“YOU HAVE BEEN MORE THAN KIND, MORE THAN GENEROUS IN THIS MATTER…”: EXTRAORDINARY 1936 TYPED LETTER INSCRIBED AND SIGNED BY MARGARET MITCHELL TO HER EDITOR WITH MUCH MATERIAL ON GONE WITH THE WIND
MITCHELL, Margaret. Typed letter signed. Atlanta, June 1, 1936. Three leaves (7 by 11 inch) of personal stationery, typing on rectos only. $12,500.
Typed letter signed and inscribed by Margaret Mitchell to her editor with exceptional content, written one month before publication of Gone With the Wind, including material on royalties, travel to New York, speaking engagements, the process of writing, and the possibility of selling the movie rights.
This exceptional and lengthy letter offers great insight into Mitchell’s relationship with her publisher and glimpses of her strong personality and vibrant sense of humor. The recipient, Harold Latham, an editor at Macmillan, had famously pried the manuscript of Gone With the Wind away from Mitchell the year before on a visit to Atlanta. On a tour of the South to find new writers, Latham received reports that Mitchell had a manuscript, a fact she repeatedly denied. Then she admitted that although there was a manuscript, it was unfinished. Finally, on the eve of Latham’s departure, Mitchell showed up at his hotel with the entire manuscript—a pile of papers so large Latham needed to buy an extra suitcase just for it. Although she regretted the action immediately and wrote to Latham asking him to return the manuscript, Latham refused, saying that he was certain that with revisions it would be not only publishable but popular. The story of Latham’s “discovery” of Mitchell almost instantly passed into legend and became almost as well known as the book itself.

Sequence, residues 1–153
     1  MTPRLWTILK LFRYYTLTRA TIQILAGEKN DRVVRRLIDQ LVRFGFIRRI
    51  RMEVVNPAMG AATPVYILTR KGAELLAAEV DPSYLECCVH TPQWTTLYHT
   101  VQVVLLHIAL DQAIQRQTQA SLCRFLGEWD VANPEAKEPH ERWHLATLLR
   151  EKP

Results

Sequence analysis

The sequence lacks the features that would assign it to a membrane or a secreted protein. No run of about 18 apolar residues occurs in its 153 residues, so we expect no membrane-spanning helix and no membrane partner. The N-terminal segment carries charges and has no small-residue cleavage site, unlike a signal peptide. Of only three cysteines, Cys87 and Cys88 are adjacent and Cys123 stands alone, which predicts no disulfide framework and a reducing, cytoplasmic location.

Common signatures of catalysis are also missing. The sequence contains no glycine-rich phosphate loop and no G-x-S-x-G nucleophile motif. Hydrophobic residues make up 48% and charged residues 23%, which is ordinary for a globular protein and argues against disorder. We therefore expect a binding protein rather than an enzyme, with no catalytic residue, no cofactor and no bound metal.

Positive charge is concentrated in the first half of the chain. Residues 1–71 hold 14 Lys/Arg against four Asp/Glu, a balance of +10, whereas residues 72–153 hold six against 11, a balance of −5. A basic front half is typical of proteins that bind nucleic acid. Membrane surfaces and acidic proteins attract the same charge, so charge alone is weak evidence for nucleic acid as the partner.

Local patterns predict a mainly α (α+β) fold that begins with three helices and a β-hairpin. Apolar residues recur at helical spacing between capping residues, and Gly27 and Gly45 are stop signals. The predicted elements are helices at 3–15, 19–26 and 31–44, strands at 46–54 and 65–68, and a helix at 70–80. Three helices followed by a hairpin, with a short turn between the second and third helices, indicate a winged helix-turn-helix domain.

Macmillan initially offered Mitchell a $500 advance, with 10% royalties on the first 10,000 copies and 15% royalties thereafter. After seeing the length of the final revised manuscript that Mitchell sent them—over 400,000 words—Macmillan realized that they would either have to raise the price on the book (a difficult proposition during the Depression) or cut the material down drastically. They offered Mitchell a choice: cut the book or accept a downward revision of all royalties to 10%. Mitchell opted for a lengthier tome with the lighter royalties. But after intense pre-publication publicity and the fortuitous selection of Gone With the Wind as a Book of the Month Club selection, it became clear that the book was going to be a best-seller, and Macmillan generously offered to reinstate the original terms of the contract with Mitchell (Macmillan’s generosity extended to its own employees later that year when they gave all their employees an 18% bonus based solely on the success of the book).